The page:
At Impossible Foods, we celebrated Latine Heritage Month by learning about the Latine community here in our Impossible™ familia. Read on to hear from a few members of our Latine employee resource group, ¡Los Imposibles!, on their experiences identifying as Latine, their passions and stories, and what brought them to Impossible Foods.
Image: Ivan with his family
Hola a todos,
My name is Ivan Zamora, and I am on the Facilities Team here at Impossible Foods. I am a first-generation immigrant; I was born in Oakland, California, and still call the San Francisco Bay Area home. I am a husband and a father to three wonderful kids. My family is the key to my happiness and drive — if my family is happy, then I’m driven to accomplish any task that comes my way.
I first came to Sand Hill Foods (now known as Impossible Foods) in November 2012 to apply for an open position. What started as a 30-minute job interview with our founder Pat Brown quickly turned into a 2-hour conversation. At first we discussed the role that I was applying for, but we soon shifted to science, which was where we really hit it off and found a lot of common ground. Pat could see that I understood how a scientist like him thinks and operates, and he knew that would be key to my role at such a fast growing company. Impossible Foods offered me the job, and the rest is history!
I wanted to join Impossible Foods to be part of an adventure that would have a positive impact on our environment for my three beautiful kids. And in my almost 9 years at the company, I’ve found that all my colleagues share that passion for the company’s mission. In order to see a change by 2035, we must not only do our work in the office but continue to educate our family and friends. In particular, I’m focused on educating my Mexican family members so that they can teach their friends and families about climate change and the food system. As you may know we love to eat carne asada which is traditionally from the cow; I want to give them the option of having carne asada that is made from plants. If we can show them that carne asada made from plants is not only better for them but is also better for our environment, we can help minimize the amount of land and water used to raise cattle and therefore minimize the wear and tear on our planet. We have so much more to accomplish, and I’m grateful every day that I get to be a part of a company that is changing the way we think about food.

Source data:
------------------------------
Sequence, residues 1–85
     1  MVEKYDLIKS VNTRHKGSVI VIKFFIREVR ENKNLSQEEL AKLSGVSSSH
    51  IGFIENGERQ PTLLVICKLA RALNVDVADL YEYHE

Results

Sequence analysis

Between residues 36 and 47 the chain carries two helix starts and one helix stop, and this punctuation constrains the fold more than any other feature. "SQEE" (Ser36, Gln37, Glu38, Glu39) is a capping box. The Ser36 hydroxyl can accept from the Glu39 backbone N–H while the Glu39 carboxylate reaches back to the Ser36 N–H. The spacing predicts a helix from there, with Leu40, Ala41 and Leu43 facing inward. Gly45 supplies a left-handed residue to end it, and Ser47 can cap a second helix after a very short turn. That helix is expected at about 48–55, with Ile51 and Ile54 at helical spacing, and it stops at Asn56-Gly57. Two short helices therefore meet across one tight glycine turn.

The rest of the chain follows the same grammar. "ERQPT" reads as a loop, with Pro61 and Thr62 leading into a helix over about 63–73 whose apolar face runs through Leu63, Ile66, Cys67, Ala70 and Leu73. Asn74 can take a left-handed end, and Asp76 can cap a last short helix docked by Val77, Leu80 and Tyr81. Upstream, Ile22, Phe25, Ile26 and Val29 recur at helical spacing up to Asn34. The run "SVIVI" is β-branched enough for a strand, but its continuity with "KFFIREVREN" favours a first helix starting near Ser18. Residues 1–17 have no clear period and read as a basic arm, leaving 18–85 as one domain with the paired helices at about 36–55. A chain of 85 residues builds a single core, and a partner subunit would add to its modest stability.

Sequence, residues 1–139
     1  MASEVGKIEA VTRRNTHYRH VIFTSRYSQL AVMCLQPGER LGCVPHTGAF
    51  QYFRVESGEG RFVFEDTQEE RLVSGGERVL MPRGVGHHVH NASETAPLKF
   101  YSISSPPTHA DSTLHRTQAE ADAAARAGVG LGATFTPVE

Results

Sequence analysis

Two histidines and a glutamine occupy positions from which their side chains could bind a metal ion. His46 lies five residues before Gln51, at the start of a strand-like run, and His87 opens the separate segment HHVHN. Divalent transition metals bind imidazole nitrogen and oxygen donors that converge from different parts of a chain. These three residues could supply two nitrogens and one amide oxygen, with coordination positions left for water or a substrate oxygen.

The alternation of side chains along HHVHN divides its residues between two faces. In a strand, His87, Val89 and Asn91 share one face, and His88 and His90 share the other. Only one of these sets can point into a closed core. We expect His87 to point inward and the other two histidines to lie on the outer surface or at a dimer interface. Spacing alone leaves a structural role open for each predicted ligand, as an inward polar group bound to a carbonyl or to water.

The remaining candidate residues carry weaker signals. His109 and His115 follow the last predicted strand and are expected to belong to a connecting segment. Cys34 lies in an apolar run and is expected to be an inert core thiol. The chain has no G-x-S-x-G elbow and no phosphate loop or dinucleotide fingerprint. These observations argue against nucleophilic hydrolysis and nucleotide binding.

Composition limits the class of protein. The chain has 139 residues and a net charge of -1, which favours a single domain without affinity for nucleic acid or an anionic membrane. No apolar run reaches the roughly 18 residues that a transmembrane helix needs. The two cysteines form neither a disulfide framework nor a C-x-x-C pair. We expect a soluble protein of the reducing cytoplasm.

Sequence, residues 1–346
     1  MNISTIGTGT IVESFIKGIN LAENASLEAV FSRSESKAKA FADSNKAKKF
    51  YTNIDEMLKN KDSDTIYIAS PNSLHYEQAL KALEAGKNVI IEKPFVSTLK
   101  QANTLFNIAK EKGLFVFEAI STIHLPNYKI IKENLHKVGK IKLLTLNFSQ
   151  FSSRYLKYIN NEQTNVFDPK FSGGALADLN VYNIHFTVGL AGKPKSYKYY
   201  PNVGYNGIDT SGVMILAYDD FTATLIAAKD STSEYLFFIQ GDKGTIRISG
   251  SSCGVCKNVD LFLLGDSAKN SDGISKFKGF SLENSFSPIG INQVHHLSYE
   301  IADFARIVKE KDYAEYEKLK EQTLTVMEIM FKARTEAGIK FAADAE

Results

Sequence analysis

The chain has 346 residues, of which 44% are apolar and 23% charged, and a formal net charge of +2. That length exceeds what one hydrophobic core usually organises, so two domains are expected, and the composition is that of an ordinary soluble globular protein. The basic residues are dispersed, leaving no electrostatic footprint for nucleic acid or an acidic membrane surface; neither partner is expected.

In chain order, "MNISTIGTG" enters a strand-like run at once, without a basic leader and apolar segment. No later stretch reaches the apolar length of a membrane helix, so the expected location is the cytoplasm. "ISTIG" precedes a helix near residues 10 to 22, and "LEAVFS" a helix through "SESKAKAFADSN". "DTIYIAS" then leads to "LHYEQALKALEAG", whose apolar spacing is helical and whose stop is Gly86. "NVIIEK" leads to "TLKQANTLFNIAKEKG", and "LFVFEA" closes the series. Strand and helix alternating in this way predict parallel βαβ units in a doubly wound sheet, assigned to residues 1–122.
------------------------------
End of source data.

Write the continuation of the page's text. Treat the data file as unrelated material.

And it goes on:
Image: Terry Reyes (left), her mom (center), and her sister (right)
Hi there, my name is Terry Reyes and I am part of the Regulatory team here at Impossible Foods. I am a proud Mexican-American and like many of my fellow immigrants, I was brought to this country at a very young age looking for a better life — in my case escaping the violence that had touched my family on a very personal level.
As a former undocumented immigrant, I faced many obstacles to pursue my dream of getting an education, specifically in science. My dream was to become a scientist and do research in the cancer field. With lots of hard work, luck and amazing mentors I was able to achieve my dream and got my Ph.D. from Stanford University in Cancer Biology in 2014. The year 2014 was also the warmest year on record (2016 now holds that honor). Although I was happy about my work in the cancer field, I decided to switch focus and concentrate on one of the biggest issues in our world: food sustainability and the environment.
In my Hispanic culture, food is life. It’s not just something we consume to survive; instead, food plays a role in our most symbolic, personal, psychological and social activities. For Latines, food accompanies us throughout our happiest moments and our saddest moments — from the birth of a child to the death of a relative.
As a member of the Latinx community, I feel very excited to be able to educate and bring delicious animal meat alternatives like Impossible™ Burger to my community. As an example, Mexico (my country of origin) consumed approximately 8.95 million metric tons of meat in just 2019 alone. That is why it is very important to educate and provide meat alternatives that suit all world cultures. I am honored and excited to be part of the Impossible Foods team so that our products can reach not only Mexico, but the rest of the world — contributing to our common goal of replacing animals as a food source by 2035.
Diego Márquez Barroso
Image: Diego Márquez Barroso with his family
Hi all, I’m Diego Márquez, and I’ve been an Operations Manager at Impossible Foods since July 2020. I am Mexican, born in México City. I have two wonderful children, both in college studying animation. They take after my wife Bety who is an artist (I love her madly!). We also share our home with two puffy Shih Tzu dogs.